Employee benefits represent a large proportion of operational costs in most sectors, but discussions of their outcomes have been inconclusive. This paper attempts to decipher the effects of employee benefits on organizational commitment in a changing and largely uncertain environment.
Having a diverse legal profession positively impacts the administration
of justice, ensures fairness, and promotes the rule of law. The mandate
to promote a diverse and inclusive legal profession is central to the State
Bar’s mission of public protection. The State Bar advances this aspect of its
mission in part by collecting, analyzing, and presenting data on California’s
licensed attorneys through an annual attorney census. This first annual
report card uses census data to provide a clear picture of the state of the
profession from a diversity and inclusion standpoint.
As the report card reflects, the profession has become increasingly
diverse in recent decades, with newly licensed attorneys better reflecting
California’s rich and varied demographics. However, much work remains.
The analyses below highlight areas of the legal profession where the
greatest opportunities for improvement exist. A Call to Action follows to
encourage employers and attorneys to influence and advance an inclusive
workplace that supports a more diverse workforce.
What Works is built on new insights into the human mind. It draws on data collected by companies, universities, and governments in Australia, India, Norway, the United Kingdom, the United States, Zambia, and other countries, often in randomized controlled trials. It points out dozens of evidence-based interventions that could be adopted right now and demonstrates how research is addressing gender bias, improving lives and performance. What Works shows what more can be done—often at shockingly low cost and surprisingly high speed.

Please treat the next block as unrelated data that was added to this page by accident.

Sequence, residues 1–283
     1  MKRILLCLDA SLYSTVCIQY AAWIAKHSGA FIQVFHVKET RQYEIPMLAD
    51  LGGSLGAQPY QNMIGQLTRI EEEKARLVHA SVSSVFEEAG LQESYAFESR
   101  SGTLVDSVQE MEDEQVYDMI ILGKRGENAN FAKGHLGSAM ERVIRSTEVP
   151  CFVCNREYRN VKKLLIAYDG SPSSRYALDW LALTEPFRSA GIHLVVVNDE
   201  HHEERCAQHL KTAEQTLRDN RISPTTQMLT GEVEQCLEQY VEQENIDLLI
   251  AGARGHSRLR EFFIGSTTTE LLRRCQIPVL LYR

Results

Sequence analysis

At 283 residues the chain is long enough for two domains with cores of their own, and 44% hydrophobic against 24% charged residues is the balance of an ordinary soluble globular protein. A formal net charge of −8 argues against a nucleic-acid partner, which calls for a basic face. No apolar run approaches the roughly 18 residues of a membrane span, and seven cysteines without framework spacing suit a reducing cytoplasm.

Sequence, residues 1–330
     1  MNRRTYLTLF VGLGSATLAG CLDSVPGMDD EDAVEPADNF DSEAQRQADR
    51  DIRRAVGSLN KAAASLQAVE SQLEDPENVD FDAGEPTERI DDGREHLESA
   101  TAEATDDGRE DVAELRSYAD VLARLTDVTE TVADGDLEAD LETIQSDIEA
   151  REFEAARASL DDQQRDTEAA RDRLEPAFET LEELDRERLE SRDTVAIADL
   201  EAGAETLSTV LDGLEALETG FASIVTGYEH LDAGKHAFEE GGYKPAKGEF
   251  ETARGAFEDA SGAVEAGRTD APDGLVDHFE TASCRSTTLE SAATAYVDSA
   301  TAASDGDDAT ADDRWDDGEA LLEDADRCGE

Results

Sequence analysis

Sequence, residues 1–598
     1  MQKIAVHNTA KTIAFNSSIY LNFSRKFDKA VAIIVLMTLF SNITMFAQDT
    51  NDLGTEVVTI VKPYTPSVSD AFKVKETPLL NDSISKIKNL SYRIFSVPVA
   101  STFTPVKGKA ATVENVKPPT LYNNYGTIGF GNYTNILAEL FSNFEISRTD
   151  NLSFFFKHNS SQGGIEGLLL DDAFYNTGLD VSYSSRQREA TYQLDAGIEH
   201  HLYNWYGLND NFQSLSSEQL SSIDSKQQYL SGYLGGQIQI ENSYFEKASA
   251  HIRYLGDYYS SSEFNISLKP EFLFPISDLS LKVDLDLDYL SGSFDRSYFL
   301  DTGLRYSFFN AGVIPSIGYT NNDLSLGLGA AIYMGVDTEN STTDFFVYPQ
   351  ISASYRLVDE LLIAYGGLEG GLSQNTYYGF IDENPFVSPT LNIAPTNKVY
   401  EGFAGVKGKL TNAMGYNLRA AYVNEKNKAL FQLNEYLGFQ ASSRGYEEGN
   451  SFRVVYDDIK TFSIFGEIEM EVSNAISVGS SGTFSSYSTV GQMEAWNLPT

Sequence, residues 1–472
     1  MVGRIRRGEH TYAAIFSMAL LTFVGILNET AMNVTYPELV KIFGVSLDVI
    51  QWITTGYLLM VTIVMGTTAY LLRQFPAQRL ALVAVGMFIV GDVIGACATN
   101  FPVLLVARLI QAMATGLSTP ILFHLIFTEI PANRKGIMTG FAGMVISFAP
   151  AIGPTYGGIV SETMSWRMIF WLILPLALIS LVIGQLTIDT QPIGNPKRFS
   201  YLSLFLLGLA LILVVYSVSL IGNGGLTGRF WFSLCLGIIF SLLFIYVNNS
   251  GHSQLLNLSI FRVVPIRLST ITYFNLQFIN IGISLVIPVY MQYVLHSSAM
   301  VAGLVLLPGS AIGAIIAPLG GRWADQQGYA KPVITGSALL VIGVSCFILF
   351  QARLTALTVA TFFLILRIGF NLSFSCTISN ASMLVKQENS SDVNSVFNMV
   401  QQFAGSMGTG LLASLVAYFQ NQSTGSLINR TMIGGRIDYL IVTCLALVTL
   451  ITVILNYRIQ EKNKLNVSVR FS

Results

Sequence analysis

The numbers sum it up. Your organization will become less diverse, not more, if you require managers to go to diversity training, try to regulate their hiring and promotion decisions, and put in a legalistic grievance system.
The very good news is that we know what does work—we just need to do more of it.
Many of the impacts of the COVID-19 pandemic are hitting women disproportionately hard. Women are more likely than men to work in low-paying, insecure and informal jobs. Women also make up the majority of health professionals and essential workers at the frontlines of the COVID-19 response, risking their health and safety, as well as those of their families.
This year, 329 companies employing more than 13 million people shared their pipeline data or completed a survey of their HR practices. In addition, more than 68,500 employees were surveyed on their workplace experiences, and we interviewed women and men of different races and ethnicities, LGBTQ women and men, and women with disabilities at all levels in their organizations
for additional insights.
Our 2019 findings build on our data from the last four years, as well as similar research conducted by McKinsey & Company in 2012.
For the last four years, companies have reported that they are highly committed to gender diversity. But that commitment has not translated into meaningful progress.
Women continue to be vastly underrepresented at every level. For women of color, it’s even worse. Only about one in five senior leaders is a woman, and one in twenty-five is a woman of color.
Progress isn’t just slow—it’s stalled. And we know why.
In corporate America, women fall behind early and continue to lose ground with every step